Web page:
14. I needed to hear this. Someone said to me earlier this week, “Well, you don’t work.” That is bull. Yes, I am at home with my children but I guarantee that I work 100 times harder that they do at their 9-5 job! It really hurt me and got me a little depressed. But I know deep down that what I am doing is important and I’ve decided to not let comments like that get me down again. I am a Mama and darn good one at that!

    1. Alicia, I definitely think that most people are not trying to be offensive when they make careless comments (I know that I make plenty of careless comments of my own that I wish I could take back), but you are definitely right that what you are doing is important!

  15. Beautiful family pictures! And I agree that our society DOESN’T value motherhood. Our society ALSO doesn’t value homeschooling, which is where I’m at now. But then again, our society DOES value accumulating as much “stuff” as we can possibly fit in our houses, and then, heck, why not just buy a larger house, lol! Hmmm…a bit twisted, perhaps?

    1. Sue, I homeschool my boys part time, but I happen to live in a part of the country that is big on homeschooling (at least more so than elsewhere), so I get very little flack for it. But I grew up as a “first generation” homeschooler, and I know what it’s like to get the weird stares and judgmental looks. Push through, Mama! If it’s what you know you’re called to do, it so worth it! 🙂

  16. absolutely beautiful story! Thank you for sharing. When people ask me who the most influential person in my life is, I always say my mom, and it is the truth. I cannot think of a better job to have than to be the most influential person in someone’s life.

    1. I say that same thing, and I love how you put that. That’s exactly what I think too (when I’m not listening to some goofy, “You should be doing more” lie in my head)

  17. absolutely!! i have always thot being a mama is the most noblest of all jobs. I yearn for the day i can say, “I’m just a momma” because that *just* should be in italics and not HAVE to be followed by anything else to validate anyone! i know when i was growing up people would ask me what i wanted to be i would tell them a wife and a momma, and they would act as tho it wasn’t enough. and it IS!! i bought into the lie and curved my thots and now i yearn to fulfill my previous dreams. be proud friend when i hear someone say, “oh i’m just a mom.” i picture them saying is as proudly and fiercely as the way some say “I am woman! hear me roar!” i know when i’m finally able to attain that i can’t wait to.thank you so much!!

  18. I love this! And it’s such perfect timing for me, too. I had a doctor appointment today and they put me down on the paperwork as being unemployed, and it just made me feel a little useless. But you’re right, it doesn’t matter what the world thinks of being “just a mom”, I know why I’m doing it and that’s really what matters.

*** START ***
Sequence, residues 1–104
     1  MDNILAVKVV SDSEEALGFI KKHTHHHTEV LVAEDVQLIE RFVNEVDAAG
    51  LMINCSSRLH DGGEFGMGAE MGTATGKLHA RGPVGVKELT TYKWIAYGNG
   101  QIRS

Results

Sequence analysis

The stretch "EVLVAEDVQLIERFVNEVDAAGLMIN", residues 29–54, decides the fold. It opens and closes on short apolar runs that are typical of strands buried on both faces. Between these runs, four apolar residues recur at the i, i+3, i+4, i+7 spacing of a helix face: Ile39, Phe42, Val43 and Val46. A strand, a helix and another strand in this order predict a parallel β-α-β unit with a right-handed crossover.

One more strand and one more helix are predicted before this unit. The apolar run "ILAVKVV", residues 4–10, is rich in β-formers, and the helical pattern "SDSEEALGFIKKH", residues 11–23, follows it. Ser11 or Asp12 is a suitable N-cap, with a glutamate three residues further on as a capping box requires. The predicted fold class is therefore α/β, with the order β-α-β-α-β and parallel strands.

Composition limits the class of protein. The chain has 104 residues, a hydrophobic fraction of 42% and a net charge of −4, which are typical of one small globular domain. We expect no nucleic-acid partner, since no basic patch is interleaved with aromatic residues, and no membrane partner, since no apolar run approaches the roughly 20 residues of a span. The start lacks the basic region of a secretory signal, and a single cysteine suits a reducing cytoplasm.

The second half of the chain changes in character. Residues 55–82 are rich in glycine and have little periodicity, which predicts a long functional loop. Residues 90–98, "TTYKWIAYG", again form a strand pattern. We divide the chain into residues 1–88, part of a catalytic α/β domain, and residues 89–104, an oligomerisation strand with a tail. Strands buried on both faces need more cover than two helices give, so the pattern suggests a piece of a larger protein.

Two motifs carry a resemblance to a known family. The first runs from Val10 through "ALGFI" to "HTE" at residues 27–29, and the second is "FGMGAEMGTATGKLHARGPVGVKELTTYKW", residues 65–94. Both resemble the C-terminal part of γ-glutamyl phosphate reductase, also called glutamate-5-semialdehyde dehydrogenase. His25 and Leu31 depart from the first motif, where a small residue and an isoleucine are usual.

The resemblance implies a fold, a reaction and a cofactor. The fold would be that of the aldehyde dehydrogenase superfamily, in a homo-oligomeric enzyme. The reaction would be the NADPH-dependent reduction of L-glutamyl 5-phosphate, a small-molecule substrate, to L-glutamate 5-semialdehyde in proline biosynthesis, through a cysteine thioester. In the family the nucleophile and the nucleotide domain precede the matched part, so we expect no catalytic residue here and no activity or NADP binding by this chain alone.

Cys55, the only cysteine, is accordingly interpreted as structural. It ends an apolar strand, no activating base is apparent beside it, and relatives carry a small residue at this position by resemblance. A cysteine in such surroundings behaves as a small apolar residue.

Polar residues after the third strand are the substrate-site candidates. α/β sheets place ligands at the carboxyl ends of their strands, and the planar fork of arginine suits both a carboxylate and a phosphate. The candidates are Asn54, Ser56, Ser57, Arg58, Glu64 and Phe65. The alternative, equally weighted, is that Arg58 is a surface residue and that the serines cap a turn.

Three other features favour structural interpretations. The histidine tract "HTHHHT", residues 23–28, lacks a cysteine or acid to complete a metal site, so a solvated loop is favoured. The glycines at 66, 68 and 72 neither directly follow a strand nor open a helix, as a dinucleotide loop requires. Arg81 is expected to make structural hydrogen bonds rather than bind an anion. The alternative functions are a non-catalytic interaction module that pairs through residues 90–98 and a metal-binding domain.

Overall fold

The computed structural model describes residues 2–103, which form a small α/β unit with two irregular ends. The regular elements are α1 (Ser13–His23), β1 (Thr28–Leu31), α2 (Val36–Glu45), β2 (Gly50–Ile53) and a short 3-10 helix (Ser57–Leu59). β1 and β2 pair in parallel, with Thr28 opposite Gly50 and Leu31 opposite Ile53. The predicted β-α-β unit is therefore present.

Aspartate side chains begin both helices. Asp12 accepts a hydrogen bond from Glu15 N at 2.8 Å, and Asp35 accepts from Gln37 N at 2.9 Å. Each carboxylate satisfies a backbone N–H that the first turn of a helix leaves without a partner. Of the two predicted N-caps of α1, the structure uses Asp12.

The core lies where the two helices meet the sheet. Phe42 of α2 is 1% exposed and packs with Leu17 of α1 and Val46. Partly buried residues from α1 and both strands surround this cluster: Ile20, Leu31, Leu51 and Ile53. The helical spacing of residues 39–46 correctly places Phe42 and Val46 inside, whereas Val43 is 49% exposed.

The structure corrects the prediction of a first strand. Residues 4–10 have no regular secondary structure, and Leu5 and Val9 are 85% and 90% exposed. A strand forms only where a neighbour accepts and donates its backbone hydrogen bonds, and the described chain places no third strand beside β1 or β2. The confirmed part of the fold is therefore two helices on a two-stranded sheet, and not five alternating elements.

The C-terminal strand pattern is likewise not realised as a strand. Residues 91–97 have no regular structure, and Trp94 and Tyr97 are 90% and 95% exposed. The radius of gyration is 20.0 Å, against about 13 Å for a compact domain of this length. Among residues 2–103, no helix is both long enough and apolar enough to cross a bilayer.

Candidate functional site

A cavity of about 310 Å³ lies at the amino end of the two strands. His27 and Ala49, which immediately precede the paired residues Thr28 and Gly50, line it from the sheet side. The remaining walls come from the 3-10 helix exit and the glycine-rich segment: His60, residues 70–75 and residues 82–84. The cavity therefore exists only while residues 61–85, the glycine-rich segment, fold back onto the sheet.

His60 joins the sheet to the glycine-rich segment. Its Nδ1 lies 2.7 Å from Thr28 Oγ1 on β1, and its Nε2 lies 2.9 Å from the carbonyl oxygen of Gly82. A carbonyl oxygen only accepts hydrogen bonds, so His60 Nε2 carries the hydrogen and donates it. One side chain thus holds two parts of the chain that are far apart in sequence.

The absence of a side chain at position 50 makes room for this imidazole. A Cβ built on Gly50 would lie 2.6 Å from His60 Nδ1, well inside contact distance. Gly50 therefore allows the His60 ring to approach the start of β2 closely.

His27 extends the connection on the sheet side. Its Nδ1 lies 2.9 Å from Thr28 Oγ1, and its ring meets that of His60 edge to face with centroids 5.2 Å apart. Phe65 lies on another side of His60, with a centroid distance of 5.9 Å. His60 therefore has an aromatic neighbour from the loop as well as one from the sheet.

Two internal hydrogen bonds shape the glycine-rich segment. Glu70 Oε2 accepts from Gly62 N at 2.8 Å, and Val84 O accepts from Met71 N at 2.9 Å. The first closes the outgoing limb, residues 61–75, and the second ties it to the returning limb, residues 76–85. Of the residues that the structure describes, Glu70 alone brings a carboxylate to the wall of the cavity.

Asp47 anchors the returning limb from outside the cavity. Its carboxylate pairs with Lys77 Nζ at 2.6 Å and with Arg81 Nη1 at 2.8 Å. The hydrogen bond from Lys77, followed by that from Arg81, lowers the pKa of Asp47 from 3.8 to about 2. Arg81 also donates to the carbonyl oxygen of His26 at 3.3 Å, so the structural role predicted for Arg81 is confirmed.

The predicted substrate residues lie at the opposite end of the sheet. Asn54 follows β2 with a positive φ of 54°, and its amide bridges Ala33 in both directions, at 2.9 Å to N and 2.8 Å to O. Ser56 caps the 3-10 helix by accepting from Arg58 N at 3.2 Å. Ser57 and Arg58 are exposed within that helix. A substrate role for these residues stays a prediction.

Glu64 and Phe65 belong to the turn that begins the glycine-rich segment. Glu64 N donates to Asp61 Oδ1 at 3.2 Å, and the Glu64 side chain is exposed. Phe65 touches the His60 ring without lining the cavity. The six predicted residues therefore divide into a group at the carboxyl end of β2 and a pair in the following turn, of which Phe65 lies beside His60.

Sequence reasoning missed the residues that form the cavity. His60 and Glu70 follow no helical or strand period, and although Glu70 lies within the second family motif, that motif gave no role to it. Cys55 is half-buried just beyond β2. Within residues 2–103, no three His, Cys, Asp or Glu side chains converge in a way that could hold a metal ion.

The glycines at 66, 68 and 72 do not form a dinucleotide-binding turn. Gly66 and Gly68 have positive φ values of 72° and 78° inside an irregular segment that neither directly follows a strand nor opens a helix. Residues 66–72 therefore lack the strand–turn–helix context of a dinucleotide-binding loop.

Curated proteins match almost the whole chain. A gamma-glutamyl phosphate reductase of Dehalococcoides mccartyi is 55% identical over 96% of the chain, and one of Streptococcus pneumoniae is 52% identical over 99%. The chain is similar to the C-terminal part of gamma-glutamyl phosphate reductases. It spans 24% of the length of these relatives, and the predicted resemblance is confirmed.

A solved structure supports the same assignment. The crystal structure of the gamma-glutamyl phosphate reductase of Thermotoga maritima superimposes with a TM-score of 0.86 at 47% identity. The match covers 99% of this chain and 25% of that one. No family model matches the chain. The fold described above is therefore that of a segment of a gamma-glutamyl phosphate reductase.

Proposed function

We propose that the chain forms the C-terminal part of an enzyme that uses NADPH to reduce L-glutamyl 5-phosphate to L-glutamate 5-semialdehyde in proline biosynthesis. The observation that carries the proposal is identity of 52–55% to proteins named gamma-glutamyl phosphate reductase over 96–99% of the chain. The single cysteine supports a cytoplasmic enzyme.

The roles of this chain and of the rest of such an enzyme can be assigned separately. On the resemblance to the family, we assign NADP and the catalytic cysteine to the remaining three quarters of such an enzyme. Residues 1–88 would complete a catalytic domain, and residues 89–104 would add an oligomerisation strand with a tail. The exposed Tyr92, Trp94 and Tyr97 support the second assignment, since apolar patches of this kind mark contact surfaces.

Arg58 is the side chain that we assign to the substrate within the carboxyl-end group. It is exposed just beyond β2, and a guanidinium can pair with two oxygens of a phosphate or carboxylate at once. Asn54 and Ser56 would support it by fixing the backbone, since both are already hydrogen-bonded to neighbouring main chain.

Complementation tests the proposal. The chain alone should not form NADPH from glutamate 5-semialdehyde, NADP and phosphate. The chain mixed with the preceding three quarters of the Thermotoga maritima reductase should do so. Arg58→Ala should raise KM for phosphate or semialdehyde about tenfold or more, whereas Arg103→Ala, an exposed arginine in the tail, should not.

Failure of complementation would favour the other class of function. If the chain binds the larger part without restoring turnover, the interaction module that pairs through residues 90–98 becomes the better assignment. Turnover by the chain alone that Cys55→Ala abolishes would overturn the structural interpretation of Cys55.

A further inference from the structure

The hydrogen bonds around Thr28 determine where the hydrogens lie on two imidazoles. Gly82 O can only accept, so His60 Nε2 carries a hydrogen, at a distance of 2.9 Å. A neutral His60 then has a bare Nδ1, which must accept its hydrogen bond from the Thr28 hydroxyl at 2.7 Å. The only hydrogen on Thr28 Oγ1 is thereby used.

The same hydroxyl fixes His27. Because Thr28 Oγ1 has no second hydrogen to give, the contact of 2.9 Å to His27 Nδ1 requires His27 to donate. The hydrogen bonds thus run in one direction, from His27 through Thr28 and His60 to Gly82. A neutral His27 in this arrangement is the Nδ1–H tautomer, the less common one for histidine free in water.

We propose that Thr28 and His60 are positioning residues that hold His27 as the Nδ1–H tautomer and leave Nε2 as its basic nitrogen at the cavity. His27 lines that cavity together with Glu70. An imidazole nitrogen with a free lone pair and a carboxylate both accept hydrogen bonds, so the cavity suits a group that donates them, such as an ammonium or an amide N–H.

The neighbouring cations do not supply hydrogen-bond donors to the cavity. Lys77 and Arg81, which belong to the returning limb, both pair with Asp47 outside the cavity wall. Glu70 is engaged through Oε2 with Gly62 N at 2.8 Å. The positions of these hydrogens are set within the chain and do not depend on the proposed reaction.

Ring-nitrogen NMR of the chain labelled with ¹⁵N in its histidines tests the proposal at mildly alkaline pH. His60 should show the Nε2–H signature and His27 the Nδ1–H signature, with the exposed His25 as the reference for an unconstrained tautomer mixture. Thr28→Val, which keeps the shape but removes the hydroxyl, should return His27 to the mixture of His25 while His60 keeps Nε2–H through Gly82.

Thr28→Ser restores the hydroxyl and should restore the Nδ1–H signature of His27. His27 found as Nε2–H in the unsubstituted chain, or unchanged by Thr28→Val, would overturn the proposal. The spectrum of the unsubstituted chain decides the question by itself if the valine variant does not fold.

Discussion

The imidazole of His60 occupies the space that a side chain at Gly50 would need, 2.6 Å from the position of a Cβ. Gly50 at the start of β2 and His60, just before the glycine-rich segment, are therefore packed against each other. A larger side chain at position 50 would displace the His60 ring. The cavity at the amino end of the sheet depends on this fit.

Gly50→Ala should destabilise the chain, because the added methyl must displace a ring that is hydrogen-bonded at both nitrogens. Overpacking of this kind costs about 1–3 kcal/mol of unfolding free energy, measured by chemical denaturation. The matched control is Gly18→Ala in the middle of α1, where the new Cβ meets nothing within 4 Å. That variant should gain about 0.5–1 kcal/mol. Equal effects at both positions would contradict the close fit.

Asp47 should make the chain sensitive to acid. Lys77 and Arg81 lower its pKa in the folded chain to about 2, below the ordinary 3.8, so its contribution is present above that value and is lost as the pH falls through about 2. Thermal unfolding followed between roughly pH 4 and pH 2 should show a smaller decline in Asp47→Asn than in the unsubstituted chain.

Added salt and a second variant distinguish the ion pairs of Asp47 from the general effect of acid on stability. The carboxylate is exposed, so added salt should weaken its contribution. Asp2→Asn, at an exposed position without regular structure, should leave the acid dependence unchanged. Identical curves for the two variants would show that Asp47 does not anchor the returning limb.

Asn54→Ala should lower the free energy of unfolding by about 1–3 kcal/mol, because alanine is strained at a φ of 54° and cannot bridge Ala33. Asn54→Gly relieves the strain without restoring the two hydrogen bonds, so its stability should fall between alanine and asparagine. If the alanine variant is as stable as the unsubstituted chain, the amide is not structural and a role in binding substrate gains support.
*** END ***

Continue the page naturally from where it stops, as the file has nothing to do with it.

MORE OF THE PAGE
19. Oh Abby – what a beautiful post! Thank you for sharing your heart so openly and for speaking truth for us mamas. I always tell the children that we are not to live by feelings, but by the Word of God – we will always be defeated by those up and down joy-robbing emotions if we let them rule our days. If we have a firm foundation in understanding who we are in Christ, we will not be easily drawn into worrying what others think and instead be focused on giving glory to God in the ups and downs of our ordinary days.

  20. I have been sick with a chronic illness since I graduated college, and I cringe when people ask what I do. It is hard for me, I am not well, I cannot work, and I may not be well enough to have children someday. I always worry that people think that I am lazy or unimportant. I have a wonderful husband who loves me so much and the most selfless parents you could ever ask for. I was talking to my best friend a while back about how I feel and she blessed me so much. She explained to me that when I go and visit the elderly and shut-ins from our church and sing to them, that I am doing what matters for eternity. When I help with a pre-school program at our church on wed afternoon, that I am doing God’s work, and when I am home with the time to pray over others, that these are the things that really matter in life, and they are also the types of things that those out working wish they could do. So sometimes I wish I could claim that I was a momma because then I feel others wouldn’t look at me strange for not working. God created us each for a purpose and sometimes that has nothing to do with working. As my mom loves to say, “Bloom where you are planted.” 🙂